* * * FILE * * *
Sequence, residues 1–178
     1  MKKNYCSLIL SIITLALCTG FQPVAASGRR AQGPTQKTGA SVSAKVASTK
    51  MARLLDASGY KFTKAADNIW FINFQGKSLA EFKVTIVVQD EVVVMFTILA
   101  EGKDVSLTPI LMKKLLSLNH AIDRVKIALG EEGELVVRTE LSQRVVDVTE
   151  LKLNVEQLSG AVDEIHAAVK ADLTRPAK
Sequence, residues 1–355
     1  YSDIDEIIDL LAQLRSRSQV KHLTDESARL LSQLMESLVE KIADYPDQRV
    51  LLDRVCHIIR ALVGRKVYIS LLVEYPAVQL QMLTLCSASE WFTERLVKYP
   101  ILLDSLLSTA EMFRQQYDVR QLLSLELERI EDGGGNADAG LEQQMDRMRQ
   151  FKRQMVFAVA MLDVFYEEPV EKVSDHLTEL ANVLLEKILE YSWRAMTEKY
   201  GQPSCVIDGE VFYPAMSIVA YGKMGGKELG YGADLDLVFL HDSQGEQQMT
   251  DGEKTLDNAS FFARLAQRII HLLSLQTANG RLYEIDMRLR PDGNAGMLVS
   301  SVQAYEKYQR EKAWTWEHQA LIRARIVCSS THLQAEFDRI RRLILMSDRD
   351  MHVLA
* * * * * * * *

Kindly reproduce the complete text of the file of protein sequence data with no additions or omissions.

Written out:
Sequence, residues 1–178
     1  MKKNYCSLIL SIITLALCTG FQPVAASGRR AQGPTQKTGA SVSAKVASTK
    51  MARLLDASGY KFTKAADNIW FINFQGKSLA EFKVTIVVQD EVVVMFTILA
   101  EGKDVSLTPI LMKKLLSLNH AIDRVKIALG EEGELVVRTE LSQRVVDVTE
   151  LKLNVEQLSG AVDEIHAAVK ADLTRPAK
Sequence, residues 1–355
     1  YSDIDEIIDL LAQLRSRSQV KHLTDESARL LSQLMESLVE KIADYPDQRV
    51  LLDRVCHIIR ALVGRKVYIS LLVEYPAVQL QMLTLCSASE WFTERLVKYP
   101  ILLDSLLSTA EMFRQQYDVR QLLSLELERI EDGGGNADAG LEQQMDRMRQ
   151  FKRQMVFAVA MLDVFYEEPV EKVSDHLTEL ANVLLEKILE YSWRAMTEKY
   201  GQPSCVIDGE VFYPAMSIVA YGKMGGKELG YGADLDLVFL HDSQGEQQMT
   251  DGEKTLDNAS FFARLAQRII HLLSLQTANG RLYEIDMRLR PDGNAGMLVS
   301  SVQAYEKYQR EKAWTWEHQA LIRARIVCSS THLQAEFDRI RRLILMSDRD
   351  MHVLA